Texas Lawmaker Calls on State to Fix Teacher Retirement System Care

“Teachers statewide are sharing their stories with us, hellish stories about people having to choose between medication and food, medication and rent, medication and just basic living necessities…….” 

RISKMANAGERS.US: Instead of throwing good money after bad, cost shifting to consumers, all contributing to the erosion of the American middle class, Texas should lead the country in solving health care. Reference Based Pricing, direct contracting, point of sale claim adjudication/payment, cost plus Rx payment methodologies and other risk management strategies have proven successful for Texas employers  like San Patricio County in South Texas. (Beating Medical Trend – Managed Care vs Reference Based Pricing and Health Care Strategies for Political Subdivisions.)

As a Texan I am sad to admit the little tiny state of Montana took the lead two years ago and now we hear the bright red Republic of California may be doing the same with California Assembly Bill 3087. (California Assembly Bill 3087 Would Control Prices in the Commercial Market.) When will Texas legislators wake up? Has Texas Lost It’s Cajones?.

Lawmaker Calls on State to Fix Teacher Retirement System Care

By: Marlane Rodriguez

Apr 10, 2018

EDINBURG, Texas – State Rep. Terry Canales is calling on Governor Greg Abbott to schedule a special session, so lawmakers can fix the collapsing Teacher Retirement System’s TRS-Care, which insures around 270,000 retired teachers, public school employees and their dependents.

“If we can’t take care of the people who take care of our children we have a wholly failed,” Canales said.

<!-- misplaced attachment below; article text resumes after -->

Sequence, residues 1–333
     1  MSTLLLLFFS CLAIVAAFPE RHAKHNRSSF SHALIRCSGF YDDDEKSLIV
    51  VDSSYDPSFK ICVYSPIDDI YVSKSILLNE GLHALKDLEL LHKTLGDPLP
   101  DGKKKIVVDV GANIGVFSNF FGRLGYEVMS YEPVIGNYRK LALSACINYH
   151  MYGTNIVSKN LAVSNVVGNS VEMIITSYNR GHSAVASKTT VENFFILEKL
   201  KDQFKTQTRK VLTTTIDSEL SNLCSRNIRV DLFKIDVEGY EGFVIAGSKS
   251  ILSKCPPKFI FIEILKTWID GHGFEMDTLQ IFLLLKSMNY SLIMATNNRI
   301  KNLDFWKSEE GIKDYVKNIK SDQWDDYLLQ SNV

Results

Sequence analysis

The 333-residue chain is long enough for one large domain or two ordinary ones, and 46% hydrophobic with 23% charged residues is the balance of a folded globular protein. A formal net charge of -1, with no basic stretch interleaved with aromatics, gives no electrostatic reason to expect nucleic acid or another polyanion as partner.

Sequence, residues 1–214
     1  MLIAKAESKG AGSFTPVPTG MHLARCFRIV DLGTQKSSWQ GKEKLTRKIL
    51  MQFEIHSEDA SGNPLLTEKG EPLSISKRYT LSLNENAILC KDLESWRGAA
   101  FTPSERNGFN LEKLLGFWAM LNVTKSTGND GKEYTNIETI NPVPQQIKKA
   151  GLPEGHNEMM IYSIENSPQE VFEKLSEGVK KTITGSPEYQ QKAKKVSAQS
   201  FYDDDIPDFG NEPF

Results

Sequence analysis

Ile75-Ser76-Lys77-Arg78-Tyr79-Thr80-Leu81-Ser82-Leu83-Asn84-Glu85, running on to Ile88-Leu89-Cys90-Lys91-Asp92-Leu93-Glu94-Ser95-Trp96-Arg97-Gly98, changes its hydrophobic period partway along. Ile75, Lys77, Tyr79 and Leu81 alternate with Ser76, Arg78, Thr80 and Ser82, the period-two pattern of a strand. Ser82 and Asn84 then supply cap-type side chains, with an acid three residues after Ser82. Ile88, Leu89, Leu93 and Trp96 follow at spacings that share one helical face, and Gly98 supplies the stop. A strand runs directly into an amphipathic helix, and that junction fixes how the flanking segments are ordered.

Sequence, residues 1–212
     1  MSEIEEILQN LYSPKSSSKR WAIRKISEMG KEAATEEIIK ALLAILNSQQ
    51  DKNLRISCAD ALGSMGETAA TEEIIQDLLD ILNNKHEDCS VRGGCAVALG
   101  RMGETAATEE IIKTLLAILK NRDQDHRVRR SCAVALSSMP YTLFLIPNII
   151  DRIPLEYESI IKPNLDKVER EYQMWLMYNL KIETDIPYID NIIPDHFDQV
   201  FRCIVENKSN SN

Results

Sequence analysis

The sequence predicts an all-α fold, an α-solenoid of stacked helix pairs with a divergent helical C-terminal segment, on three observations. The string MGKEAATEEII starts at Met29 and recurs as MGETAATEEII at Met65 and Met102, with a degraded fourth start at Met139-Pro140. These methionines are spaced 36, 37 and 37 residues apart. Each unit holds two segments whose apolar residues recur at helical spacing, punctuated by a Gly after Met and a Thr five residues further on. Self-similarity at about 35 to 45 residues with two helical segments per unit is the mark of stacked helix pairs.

The next time the Texas Legislature meets is January 2019, but Canales believes teachers can’t wait until then.

“Teachers statewide are sharing their stories with us, hellish stories about people having to choose between medication and food, medication and rent, medication and just basic living necessities,” he said.

“Nightmare story after nightmare story, of people whose co-pay was $50 and now their medication is $900. This is not an isolated incident, there are hundreds if not thousands of teachers across the state of Texas that are in dire need of the legislature fulfilling the promise that was made to them,” he continued.

The issue was part of the July 2018 Special Session, but Canales said it only resulted in a temporary fix.

“There’s nothing more pressing that I can think of right now, than ensuring that these people have the health care they deserve,” he said.

So that the educators can continue to do what they love without worrying about their health and finances.

Canales joined State Senator Jose Menendez from San Antonio in requesting a special session to fix the teacher healthcare system.

Write RiskManager@RiskManagers.us

FROM PHYSICIAN

This guy wants the taxpayers to step up and pay these outrageous prices for drugs when the real culprit is the pharmaceutical companies.  If the TRS plan were to simply put a limit on paying for these things (maybe that’s what the problem is right now – they don’t pay for them), it would seem that enough pressure will eventually come to bear on the drug companies to stop raping people and the medical plans with their pricing.  If we as a state just cave in and pay for this stuff, the drug companies will keep on with their bad behavior.  In the meantime, it’s unfortunate, but the patients are the ones who suffer from lack of access to newer drugs that make a difference.

Pharmaceutical companies, by continuing their outrageous pricing strategies, are in the process of bankrupting small and mid-sized business’ medical plans, and some of their employees in the process.  I just don’t think the state should be buying into paying for these obscenely priced drugs.

FROM CONSULTANT

They won’t do RBR because the Consultant is 100 years old and doesn’t understand it, the actuary is carrier crazy and Aetna can’t do it…

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